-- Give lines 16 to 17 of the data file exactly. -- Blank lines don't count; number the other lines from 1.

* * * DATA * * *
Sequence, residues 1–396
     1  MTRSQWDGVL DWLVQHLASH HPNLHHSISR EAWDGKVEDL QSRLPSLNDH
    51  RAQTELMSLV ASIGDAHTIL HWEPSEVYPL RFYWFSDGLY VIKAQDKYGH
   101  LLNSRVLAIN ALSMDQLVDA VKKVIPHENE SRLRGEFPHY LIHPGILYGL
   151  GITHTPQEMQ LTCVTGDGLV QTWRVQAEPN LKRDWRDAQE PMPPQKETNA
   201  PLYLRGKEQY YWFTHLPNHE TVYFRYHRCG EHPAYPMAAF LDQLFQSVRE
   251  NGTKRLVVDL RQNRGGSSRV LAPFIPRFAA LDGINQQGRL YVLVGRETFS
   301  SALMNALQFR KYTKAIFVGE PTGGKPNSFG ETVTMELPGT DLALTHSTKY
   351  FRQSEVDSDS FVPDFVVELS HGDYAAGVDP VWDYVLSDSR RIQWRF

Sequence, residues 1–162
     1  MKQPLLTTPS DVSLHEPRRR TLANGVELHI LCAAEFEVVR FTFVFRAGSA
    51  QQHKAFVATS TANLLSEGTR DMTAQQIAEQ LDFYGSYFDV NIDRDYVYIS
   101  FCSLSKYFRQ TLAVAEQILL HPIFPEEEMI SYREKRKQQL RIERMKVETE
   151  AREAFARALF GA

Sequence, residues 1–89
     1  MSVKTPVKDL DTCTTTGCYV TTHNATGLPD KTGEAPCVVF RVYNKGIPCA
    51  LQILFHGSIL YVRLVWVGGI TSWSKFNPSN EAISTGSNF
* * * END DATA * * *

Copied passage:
     1  MSVKTPVKDL DTCTTTGCYV TTHNATGLPD KTGEAPCVVF RVYNKGIPCA
    51  LQILFHGSIL YVRLVWVGGI TSWSKFNPSN EAISTGSNF